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Keith McCloskey on The Dyatlov Pass Incident - January 25, 2014

 

 
 

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In January 1959, ten experienced young skiers set out for Mount Otorten in the far north of Russia. While one of the skiers fell ill and returned, the remaining nine lost their way and ended up on another mountain slope known as Kholat Syakhl (or 'Mountain of the Dead').
On the night of 1st February 1959 something or someone caused the skiers to flee their tent in such terror that they used knives to slash their way out. Search parties were sent out and their bodies were found, some with massive internal injuries but with no external marks on them. The autopsy stated the violent injuries were caused by 'an unknown compelling force'. The area was sealed off for years by the authorities and the full events of that night remained unexplained.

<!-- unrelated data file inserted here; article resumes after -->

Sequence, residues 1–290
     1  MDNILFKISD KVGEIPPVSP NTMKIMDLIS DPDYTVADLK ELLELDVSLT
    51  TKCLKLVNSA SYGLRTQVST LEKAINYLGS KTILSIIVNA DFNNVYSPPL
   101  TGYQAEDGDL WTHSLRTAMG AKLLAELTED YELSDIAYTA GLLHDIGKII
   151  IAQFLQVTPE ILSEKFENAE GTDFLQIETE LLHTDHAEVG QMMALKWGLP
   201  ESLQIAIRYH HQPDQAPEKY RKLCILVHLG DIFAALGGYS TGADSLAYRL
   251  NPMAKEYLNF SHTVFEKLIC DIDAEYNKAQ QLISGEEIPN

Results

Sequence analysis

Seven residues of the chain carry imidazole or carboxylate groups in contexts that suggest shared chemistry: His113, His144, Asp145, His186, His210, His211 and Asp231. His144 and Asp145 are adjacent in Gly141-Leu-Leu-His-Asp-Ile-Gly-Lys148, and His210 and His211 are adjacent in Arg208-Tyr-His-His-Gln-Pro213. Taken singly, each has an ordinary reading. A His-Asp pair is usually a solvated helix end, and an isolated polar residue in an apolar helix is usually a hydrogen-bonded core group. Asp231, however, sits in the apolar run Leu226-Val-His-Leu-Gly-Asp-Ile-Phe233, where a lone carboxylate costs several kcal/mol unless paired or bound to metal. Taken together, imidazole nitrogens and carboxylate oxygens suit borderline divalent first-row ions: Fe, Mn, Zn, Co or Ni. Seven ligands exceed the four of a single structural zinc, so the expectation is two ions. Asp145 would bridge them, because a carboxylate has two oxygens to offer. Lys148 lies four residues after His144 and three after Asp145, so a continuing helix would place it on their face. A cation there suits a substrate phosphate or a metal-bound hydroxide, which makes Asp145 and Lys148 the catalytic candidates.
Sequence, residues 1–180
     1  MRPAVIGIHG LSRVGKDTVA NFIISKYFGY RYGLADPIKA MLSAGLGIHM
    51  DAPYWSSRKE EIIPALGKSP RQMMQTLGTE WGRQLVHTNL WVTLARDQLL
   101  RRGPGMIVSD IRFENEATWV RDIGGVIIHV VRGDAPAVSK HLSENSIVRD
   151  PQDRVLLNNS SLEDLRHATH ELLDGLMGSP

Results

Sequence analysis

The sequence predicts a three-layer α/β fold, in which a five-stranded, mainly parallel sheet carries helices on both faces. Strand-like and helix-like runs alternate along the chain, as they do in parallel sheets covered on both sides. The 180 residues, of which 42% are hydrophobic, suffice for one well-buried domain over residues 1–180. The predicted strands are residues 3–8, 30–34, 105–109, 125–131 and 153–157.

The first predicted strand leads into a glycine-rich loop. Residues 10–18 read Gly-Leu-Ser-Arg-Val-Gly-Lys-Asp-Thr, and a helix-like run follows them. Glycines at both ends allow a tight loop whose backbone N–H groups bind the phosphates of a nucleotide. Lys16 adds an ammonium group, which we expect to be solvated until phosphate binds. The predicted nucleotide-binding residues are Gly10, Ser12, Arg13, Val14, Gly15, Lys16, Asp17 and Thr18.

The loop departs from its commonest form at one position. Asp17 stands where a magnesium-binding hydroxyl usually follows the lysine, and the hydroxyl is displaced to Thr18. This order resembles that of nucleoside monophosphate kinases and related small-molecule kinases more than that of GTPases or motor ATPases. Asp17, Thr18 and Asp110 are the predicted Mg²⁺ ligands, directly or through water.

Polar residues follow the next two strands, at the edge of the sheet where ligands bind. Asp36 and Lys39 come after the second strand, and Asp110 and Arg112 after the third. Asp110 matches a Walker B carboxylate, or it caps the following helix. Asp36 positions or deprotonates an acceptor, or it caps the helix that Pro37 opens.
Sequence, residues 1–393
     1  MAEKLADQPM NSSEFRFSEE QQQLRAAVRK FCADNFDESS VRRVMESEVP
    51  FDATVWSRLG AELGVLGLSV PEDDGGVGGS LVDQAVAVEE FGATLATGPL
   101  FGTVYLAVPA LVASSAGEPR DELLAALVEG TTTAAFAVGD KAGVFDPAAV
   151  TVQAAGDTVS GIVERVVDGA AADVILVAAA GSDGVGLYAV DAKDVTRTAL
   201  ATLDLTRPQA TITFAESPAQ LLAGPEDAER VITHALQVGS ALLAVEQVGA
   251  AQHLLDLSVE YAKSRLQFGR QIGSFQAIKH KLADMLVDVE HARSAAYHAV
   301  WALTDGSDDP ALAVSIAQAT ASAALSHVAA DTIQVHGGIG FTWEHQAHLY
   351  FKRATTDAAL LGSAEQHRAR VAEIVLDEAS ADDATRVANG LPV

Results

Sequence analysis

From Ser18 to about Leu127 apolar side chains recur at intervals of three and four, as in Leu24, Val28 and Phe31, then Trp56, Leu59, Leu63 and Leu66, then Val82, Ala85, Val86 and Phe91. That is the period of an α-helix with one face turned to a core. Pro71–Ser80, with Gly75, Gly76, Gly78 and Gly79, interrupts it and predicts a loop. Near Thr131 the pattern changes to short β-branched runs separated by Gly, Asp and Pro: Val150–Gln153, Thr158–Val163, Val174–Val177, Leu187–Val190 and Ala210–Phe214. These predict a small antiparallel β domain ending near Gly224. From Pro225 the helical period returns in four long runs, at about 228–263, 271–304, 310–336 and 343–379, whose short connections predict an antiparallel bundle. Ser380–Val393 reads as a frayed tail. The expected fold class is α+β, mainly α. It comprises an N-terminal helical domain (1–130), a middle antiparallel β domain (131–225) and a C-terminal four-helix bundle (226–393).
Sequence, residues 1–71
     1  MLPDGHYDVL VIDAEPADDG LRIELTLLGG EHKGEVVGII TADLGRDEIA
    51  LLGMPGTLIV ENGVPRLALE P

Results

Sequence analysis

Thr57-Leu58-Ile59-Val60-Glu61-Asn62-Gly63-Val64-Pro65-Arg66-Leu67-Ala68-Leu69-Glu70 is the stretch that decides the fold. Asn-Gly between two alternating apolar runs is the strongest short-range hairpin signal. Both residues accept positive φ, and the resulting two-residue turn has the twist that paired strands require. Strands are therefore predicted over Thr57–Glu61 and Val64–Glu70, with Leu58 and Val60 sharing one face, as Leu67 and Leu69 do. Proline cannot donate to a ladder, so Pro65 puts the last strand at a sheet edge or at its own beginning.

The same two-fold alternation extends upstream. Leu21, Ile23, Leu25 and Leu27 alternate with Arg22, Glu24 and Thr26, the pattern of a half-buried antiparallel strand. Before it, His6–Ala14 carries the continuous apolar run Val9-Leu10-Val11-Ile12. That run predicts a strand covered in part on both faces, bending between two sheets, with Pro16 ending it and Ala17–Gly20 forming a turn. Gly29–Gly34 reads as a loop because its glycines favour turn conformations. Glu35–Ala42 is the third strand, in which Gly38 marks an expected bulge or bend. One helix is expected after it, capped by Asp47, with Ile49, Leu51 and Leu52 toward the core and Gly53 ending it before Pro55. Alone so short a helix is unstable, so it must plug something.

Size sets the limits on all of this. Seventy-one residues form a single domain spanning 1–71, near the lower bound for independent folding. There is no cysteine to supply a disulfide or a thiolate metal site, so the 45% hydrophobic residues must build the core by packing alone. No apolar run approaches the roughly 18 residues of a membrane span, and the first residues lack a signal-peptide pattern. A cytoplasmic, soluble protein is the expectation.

Using original research carried out in Russia and photographs from the skier's cameras, Keith McCloskey attempts to explain what happened to the nine young people who lost their lives in the mysterious 'Dyatlov Pass Incident'. His book is entitled, Mountain of the Dead and we speak to Keith about the details of what happened, what we do know, and the many theories as to what may have happened to them. 
 
Keith's website: www.keithmccloskey.com.
Website for the book: www.dyatlov-pass-incident.com


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Midweek Podcast with Paul Kimball on The Best Evidence for UFO's - January 31, 2014